Requirements for Effective Police Reports
If you’ve taken standard writing courses in school, you may have to make some adjustments when you start writing police reports. In school your instructors probably encouraged you to write lengthy papers that featured complicated sentences, a sophisticated vocabulary, and original thinking. But police reports require you to stick to the facts and avoid original thinking. Sentences need to be straightforward, and you have to employ ordinary vocabulary words. Here are some guidelines:
Use names and pronouns (I, he, her) when you write about yourself and others at the scene. Avoid outdated expressions like “this officer” and “the above mentioned witness” or “victim 1.” In the past some officers were taught that impersonal terminology guaranteed objectivity and accuracy. Not true! You have the same integrity whether you’re calling yourself “I” or “this officer.”
And think about this: if you were testifying in court, and sworn to tell the truth, you would use everyday language (“I,” “me”) in your testimony. Follow the same practice in your reports.
Limit yourself to one idea per sentence. Short, straightforward sentences are easy to read and understand, saving time for everyone. (You’ll especially appreciate this time-saving tip when you’re reviewing a report to prepare for a court hearing.) The longer a sentence is, the more likely you are to make an error.
Start every sentence with a person, place, or thing. Normal sentence structure in English begins with a noun, and the grammar is simple: Just put a period at the end. Complicated sentences, on the other hand, require complicated punctuation, and they open the door to sentence errors.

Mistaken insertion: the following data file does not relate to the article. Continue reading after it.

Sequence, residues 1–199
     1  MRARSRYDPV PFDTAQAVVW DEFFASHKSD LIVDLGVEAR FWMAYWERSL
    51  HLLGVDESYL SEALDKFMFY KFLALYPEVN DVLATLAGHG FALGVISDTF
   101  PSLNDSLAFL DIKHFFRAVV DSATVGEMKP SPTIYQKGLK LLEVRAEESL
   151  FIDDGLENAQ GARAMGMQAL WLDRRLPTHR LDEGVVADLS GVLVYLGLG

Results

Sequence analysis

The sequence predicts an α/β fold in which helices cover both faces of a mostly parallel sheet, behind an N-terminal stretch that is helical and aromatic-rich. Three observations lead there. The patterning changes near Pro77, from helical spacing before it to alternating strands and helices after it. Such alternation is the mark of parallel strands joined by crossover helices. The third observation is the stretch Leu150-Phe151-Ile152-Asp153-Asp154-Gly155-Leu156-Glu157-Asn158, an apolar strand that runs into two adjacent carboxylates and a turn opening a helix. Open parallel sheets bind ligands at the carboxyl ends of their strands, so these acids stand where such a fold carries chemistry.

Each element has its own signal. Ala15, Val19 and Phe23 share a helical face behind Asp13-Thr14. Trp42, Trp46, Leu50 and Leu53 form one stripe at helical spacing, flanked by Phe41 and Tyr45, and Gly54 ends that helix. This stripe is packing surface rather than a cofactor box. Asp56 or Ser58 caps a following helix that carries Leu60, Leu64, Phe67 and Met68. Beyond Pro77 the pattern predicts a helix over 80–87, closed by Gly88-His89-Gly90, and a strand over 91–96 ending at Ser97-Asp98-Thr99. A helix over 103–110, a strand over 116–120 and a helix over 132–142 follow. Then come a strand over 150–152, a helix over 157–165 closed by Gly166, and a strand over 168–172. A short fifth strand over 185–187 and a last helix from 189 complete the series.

Try to limit yourself to three commas per sentence. If a sentence has more than three commas, it’s probably too complicated to be read easily, and it may contain usage or punctuation errors.
Use active voice. A widespread (and mistaken) notion in law enforcement says that passive voice guarantees objectivity and accuracy. False. Writing a sentence like “A baseball bat was seen on the sofa” does not guarantee that you’re telling the truth. It’s much simpler just to write “I saw a baseball bat on the sofa.”
Of course you can’t write an entire report in list format. But lists can save time when you’re recording evidence from a scene or statements from a witness. Here’s an example:
When I entered the living room, I saw:
- a baseball bat on the sofa
- a trembling woman sitting on an armchair
- a man (later identified as Paul Rosen) standing over her
- pieces of a broken vase on the carpet
- He didn’t touch her
Don’t use fillers. Avoid empty words and phrases like “…whereupon I proceeded to,” “upon seeing this,” “at this point,” and similar expressions that don’t add anything useful. Many phrases can be simplified to save time: “members” rather than “individual members,” and “returned to their homes” rather than “returned to their respective homes.” Remember that police reports—unlike school assignments—don’t have minimum word counts.
Eliminate repetition. You don’t have to write “I asked him…he told me…. I then asked him… whereupon he told me.” Just record what the person told you, as in this example:
Paul Rosen told me:
- He and Gail have been “fighting a lot”
- Dinner wasn’t ready when he came home from work
- They started arguing
- She threw a vase at the wall
- He didn’t touch her
These tips can transform your report writing, making you more professional, more up-to-date, and more efficient.